“That put workstation capabilities into the data centre,” he told a group of more than three dozen journalists and analysts.
Dell executives see the PC business – including workstations – as a key part of the now-private company’s continuing efforts to expand its enterprise solutions business. In an interview with eWEEK, both Clark and Pat Kannar, product marketing director for Dell’s Precision workstation business, said the client systems are still the vendor’s best avenue for gaining new customers, and that workstations – after several quarters of flat growth or declines in the market – are now seeing sales grow. At the same time, Dell, which has put a new emphasis on workstations over the past couple of years, is gaining share in the space, which Kannar said is worth more than $6 billion (£3.6bn).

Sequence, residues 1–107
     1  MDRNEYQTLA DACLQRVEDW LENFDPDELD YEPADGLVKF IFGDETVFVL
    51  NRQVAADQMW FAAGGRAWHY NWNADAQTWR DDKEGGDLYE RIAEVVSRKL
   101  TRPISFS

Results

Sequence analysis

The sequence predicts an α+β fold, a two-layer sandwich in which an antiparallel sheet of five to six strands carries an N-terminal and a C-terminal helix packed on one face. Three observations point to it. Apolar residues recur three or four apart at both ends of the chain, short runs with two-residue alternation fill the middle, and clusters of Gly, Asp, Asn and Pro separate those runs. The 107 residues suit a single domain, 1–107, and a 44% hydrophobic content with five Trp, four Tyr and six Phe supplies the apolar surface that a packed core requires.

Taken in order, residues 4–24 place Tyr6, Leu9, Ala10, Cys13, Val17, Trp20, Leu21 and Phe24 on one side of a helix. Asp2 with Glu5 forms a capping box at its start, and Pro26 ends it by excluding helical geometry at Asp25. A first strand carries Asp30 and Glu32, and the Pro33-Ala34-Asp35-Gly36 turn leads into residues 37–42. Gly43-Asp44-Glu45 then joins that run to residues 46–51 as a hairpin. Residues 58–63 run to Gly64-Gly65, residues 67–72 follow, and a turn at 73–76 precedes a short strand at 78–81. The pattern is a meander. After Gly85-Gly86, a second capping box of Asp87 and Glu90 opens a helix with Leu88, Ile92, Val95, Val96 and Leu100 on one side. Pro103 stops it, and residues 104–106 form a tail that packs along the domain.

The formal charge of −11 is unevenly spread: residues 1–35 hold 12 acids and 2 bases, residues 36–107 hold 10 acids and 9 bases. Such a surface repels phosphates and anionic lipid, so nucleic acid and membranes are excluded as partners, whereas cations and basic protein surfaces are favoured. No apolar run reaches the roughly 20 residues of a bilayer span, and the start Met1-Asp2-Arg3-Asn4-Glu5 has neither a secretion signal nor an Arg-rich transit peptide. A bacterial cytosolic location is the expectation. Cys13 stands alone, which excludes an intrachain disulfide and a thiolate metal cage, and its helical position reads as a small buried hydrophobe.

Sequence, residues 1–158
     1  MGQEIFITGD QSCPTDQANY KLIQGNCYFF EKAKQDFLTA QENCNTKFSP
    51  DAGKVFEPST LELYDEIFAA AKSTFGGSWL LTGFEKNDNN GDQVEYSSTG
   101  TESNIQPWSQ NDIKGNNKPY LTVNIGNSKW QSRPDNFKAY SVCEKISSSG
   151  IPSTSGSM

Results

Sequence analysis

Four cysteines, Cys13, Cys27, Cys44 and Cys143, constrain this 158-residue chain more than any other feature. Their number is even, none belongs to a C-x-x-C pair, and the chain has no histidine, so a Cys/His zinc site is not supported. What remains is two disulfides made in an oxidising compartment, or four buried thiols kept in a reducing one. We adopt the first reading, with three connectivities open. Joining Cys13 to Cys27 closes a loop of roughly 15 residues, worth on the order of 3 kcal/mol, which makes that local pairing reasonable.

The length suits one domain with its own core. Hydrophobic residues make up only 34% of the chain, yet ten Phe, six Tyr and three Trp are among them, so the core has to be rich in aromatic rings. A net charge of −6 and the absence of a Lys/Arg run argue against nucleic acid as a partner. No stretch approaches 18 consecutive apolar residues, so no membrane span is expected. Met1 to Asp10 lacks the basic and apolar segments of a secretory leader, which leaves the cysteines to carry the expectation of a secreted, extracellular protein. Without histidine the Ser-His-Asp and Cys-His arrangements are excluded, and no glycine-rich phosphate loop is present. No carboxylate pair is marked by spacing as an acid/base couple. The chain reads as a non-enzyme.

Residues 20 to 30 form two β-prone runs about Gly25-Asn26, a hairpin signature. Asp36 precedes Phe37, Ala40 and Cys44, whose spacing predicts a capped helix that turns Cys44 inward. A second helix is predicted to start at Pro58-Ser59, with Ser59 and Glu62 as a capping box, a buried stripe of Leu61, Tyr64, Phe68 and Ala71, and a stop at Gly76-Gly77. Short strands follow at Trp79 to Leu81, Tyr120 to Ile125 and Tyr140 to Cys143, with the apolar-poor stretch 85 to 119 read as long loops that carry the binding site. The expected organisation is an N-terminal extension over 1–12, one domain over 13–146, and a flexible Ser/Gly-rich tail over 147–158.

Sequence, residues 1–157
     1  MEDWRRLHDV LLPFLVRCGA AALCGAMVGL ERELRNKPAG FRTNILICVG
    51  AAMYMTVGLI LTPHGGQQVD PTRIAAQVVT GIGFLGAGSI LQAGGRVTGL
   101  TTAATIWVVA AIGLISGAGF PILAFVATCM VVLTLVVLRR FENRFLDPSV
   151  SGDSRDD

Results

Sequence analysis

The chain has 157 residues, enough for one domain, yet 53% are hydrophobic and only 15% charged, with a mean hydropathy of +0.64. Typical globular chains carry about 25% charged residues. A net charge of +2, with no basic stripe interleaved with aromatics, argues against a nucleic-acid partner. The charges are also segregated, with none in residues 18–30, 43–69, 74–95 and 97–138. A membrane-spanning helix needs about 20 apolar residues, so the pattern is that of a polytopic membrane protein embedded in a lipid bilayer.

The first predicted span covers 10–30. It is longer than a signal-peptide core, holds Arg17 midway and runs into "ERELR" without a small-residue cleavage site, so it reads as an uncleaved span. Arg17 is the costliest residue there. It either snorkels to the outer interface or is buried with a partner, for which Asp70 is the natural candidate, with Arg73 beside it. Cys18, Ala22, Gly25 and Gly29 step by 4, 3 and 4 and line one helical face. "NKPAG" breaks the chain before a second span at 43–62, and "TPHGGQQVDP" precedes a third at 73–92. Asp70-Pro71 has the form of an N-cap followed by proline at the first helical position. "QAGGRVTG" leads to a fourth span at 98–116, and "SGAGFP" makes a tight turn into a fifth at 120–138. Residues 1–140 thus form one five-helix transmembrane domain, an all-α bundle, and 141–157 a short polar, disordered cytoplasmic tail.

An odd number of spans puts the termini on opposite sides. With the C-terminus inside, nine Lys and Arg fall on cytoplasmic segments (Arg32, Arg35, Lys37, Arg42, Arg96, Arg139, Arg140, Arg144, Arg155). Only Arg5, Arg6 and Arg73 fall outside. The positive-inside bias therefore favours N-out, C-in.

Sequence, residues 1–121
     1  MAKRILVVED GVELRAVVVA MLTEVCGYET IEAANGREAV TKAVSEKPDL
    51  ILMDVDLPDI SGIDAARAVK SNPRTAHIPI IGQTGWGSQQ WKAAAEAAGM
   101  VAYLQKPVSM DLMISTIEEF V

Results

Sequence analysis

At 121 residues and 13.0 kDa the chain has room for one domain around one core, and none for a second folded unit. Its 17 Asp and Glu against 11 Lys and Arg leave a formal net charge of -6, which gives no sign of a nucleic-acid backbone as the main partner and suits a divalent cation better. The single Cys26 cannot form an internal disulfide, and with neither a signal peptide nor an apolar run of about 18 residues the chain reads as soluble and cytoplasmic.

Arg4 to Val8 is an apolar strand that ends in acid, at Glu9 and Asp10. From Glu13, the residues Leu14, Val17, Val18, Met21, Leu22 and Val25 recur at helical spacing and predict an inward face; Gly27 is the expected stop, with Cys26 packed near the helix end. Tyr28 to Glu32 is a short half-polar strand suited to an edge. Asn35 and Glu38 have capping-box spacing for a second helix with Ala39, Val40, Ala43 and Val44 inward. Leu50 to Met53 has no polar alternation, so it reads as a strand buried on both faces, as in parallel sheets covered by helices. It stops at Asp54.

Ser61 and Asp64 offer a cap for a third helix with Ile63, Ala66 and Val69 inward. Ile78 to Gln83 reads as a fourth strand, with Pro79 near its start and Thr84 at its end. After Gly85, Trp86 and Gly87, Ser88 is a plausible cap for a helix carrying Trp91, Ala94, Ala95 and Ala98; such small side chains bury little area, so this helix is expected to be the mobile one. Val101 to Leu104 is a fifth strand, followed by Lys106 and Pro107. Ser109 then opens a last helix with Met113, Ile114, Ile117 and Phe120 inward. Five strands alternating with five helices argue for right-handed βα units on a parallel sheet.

Dell competes with Hewlett-Packard and Lenovo, among others, in the workstation market. Clark and other executives said that the key differentiators for Dell are the software the vendor offers – such as Reliable Memory Technology for improved uptime, Dell Precision Performance Optimizer for greater application performance, and CAS-W for caching – and the close work it’s doing with ISVs and other partners.
In a post on the company blog last year, CEO Michael Dell said the workstation represented the onset of the company’s efforts around offering customers solutions rather than simply selling them hardware.